Poetry challenge #2: Swans

Welcome to the second poetry challenge. Since everybody seemed to have fun with the sept form last week, we’ll give it another go.
Remember (or if you didn’t see last week’s post) the form is seven lines in the syllable pattern, 1-2-3-4-3-2-1.
The theme for this week, as you have probably gathered, is swans, any aspect or association, or inspired by the painting by Walter Leistikow
Please join in in flocks, and leave your sept creations in the comments or as links to your blog post.

Walter_Leistikow_Auffliegende_Schwäne

Swans
Rising
From the lake
In winged glory
Mist glimmer
Sorrow
Fled.

Published by

Jane Dougherty

I used to do lots of things I didn't much enjoy. Now I am officially a writer. It's what I always wanted to be.

60 thoughts on “Poetry challenge #2: Swans”

      1. Ha,Ha, You would be hard pressed to get me with a brush in hand, but a camera, I always have one in my pocket, just in case. Just downloaded the link now. Going to brew a coffee and give it a read,

        Thanks Jane 🙂

  1. Lets try it again:

    Swan King of the birds
    Graceful and gracious
    As couple together
    Only death can separate you
    Your children fervently defend
    Oh beautyful birds
    Will we People ever be like you?

    1. Thank you! If you don’t mind, I’ll publish this verse and a reduced one that fits the sept metre. How about this:
      Swans
      Graceful
      Together
      Until death parts
      Brood-guarding
      Beauties
      Trust.

      1. It’s a question of syllables. The first line is a a single syllable, second line two syllables, third line three, fourth line four, then it diminishes—fifth line three syllables, sixth line two syllables, and the seventh line a single syllable again. I didn’t explain it very well the first time 🙂

      2. Thanks that you explain it jane, so i learn from it. You challence me to do something different on internet.
        This is completely New for me.
        Also i learn better english!

      3. It’s the kind of exercise that should come easily to a native speaker with a reasonable vocabulary. For you it will be a real ‘challenge’. You have to be able to hear how the words sound as well as knowing what they look like. I admire you having a go at this. The poems you produce are very pretty.

  2. Poem fits the early morning lift off at the lake. (Intrigued by your comment about looking for 4 swans in an image. Maybe be difficult to find 4 swans in a painting as artists usually prefer 3 or odd numbers for compositions?)

      1. Most of the versions of the story end with the spell being broken when the swan children are baptised. Another version has the baptism being incidental and the breaking of the spell comes when a king from the north marries a queen from the south.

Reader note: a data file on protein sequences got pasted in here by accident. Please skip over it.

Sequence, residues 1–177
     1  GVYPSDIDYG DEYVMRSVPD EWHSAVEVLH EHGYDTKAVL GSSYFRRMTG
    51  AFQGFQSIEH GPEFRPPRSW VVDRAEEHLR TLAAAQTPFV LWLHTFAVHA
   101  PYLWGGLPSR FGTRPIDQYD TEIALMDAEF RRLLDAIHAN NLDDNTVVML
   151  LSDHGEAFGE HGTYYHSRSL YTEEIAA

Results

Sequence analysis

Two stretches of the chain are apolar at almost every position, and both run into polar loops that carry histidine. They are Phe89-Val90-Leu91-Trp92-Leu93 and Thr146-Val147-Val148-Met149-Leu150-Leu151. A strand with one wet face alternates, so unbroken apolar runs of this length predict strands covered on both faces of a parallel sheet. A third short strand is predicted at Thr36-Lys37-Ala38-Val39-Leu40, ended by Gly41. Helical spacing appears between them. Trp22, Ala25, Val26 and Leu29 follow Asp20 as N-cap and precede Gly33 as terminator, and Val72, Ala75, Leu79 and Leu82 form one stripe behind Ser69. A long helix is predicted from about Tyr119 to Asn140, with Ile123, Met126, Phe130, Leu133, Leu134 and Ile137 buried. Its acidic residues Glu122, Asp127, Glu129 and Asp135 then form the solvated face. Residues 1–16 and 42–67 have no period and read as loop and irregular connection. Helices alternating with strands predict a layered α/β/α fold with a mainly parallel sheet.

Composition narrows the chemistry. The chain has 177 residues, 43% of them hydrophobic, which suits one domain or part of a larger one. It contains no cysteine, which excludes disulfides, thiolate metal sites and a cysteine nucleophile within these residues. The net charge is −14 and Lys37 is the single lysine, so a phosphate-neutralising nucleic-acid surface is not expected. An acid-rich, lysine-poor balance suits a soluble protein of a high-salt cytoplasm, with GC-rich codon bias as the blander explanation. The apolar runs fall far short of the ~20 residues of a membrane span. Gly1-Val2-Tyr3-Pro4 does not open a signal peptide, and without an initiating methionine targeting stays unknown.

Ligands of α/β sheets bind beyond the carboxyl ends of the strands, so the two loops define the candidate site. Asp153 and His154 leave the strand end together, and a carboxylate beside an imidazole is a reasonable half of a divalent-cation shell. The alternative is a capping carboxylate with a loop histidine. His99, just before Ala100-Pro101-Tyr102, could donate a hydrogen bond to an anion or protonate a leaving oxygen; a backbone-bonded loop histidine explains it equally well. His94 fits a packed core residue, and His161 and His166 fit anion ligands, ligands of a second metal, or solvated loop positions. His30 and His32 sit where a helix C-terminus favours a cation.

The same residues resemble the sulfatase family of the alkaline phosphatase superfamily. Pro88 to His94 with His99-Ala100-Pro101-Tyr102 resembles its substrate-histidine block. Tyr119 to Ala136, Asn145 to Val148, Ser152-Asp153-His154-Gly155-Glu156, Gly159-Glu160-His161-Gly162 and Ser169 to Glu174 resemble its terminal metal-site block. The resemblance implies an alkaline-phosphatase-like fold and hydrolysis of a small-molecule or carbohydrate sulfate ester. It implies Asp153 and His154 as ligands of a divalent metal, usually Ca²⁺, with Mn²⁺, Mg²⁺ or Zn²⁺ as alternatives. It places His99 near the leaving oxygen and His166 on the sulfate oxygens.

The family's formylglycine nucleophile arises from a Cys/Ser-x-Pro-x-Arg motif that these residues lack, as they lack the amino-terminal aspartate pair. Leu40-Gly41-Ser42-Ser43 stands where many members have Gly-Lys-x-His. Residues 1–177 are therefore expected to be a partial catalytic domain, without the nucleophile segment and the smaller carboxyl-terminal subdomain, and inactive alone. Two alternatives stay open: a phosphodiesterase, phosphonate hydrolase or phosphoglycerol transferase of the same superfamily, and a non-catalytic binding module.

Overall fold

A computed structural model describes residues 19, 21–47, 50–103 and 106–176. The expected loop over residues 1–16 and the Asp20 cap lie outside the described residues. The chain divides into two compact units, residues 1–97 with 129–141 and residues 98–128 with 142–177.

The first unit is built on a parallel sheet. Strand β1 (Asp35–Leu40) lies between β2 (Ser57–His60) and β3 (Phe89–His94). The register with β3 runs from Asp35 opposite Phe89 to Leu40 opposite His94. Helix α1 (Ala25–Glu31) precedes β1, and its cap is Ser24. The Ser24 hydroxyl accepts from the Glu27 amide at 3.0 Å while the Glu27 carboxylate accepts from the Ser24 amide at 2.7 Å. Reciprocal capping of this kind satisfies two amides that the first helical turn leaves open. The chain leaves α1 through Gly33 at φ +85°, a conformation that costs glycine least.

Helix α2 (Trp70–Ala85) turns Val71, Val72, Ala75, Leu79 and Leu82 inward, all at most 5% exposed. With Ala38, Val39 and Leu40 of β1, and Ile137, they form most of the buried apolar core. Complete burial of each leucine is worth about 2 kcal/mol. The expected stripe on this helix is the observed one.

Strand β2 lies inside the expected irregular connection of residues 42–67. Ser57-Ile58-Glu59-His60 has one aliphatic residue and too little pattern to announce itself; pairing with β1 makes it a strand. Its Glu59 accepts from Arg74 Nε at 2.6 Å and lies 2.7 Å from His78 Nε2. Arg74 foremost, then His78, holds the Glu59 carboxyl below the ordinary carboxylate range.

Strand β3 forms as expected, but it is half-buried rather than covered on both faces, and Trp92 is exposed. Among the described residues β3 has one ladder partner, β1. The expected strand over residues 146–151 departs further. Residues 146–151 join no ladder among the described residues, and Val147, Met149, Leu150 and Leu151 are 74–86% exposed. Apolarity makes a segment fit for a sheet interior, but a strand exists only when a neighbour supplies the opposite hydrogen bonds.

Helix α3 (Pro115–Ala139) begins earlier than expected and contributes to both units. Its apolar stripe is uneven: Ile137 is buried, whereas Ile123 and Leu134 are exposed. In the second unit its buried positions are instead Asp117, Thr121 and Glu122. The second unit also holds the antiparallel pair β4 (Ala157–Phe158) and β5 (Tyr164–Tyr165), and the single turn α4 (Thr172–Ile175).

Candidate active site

3. Here’s mine… and guess the subject?
    The Dream of Óengus Óg

    Fly
    Swan-maid
    Dream lover
    Lift up my heart
    On soft wings
    Whilst I
    Die

    Cheerful, huh?

  4. I traced The Sept from (J Lapis who found the form at Doug’s …Elusive Trope) to you.
    Is this a form you created?
    I have fun with short forms (though my icon goes to my long verse site).
    I’ll see if I can go back and find your ‘last week’ prompt.

      1. I did find the that first post 🙂 And that combo post in my wanderings.
        My short verse place is:
        https://julesgemstonepages.wordpress.com/
        I’ve been playing with haiku and other short forms, but recently with the Trinet. And I like American Lunes (directions on my poetry forms page). Lots of fun new forms to be found on this site/page too: https://mindlovemiserysmenagerie.wordpress.com/2015/10/24/bps-shadorma-and-beyond-loop-poetry-october-24-2015/

        Thanks for getting back to me. I’ll save the Oct 10 link. Thank you. I’ll see what I can do.

      2. Thanks for the links 🙂 I thought for a moment I’d discovered that the form I enjoy using is called a loop poem—but it isn’t. Close, but not quite. If you’re looking for challenges you could try a circular poem (I don’t know if it has a technical name) where the last word of the line rhymes with the first word of the next line, and so on until you repeat the first line you started with. No particular line length or number of lines required, just that you end up where you started from.

      3. OK I’ll have a look see.
        I don’t usually send or enter anything that requires money. But I didn’t read the link… Good luck.

        I learned American haiku, tanka and renga. The traditional Japanese styles I have been told are a tad more complex than just counting syllables. But I don’t worry too much as I write what and how I like. I’m a rebel that way 😉

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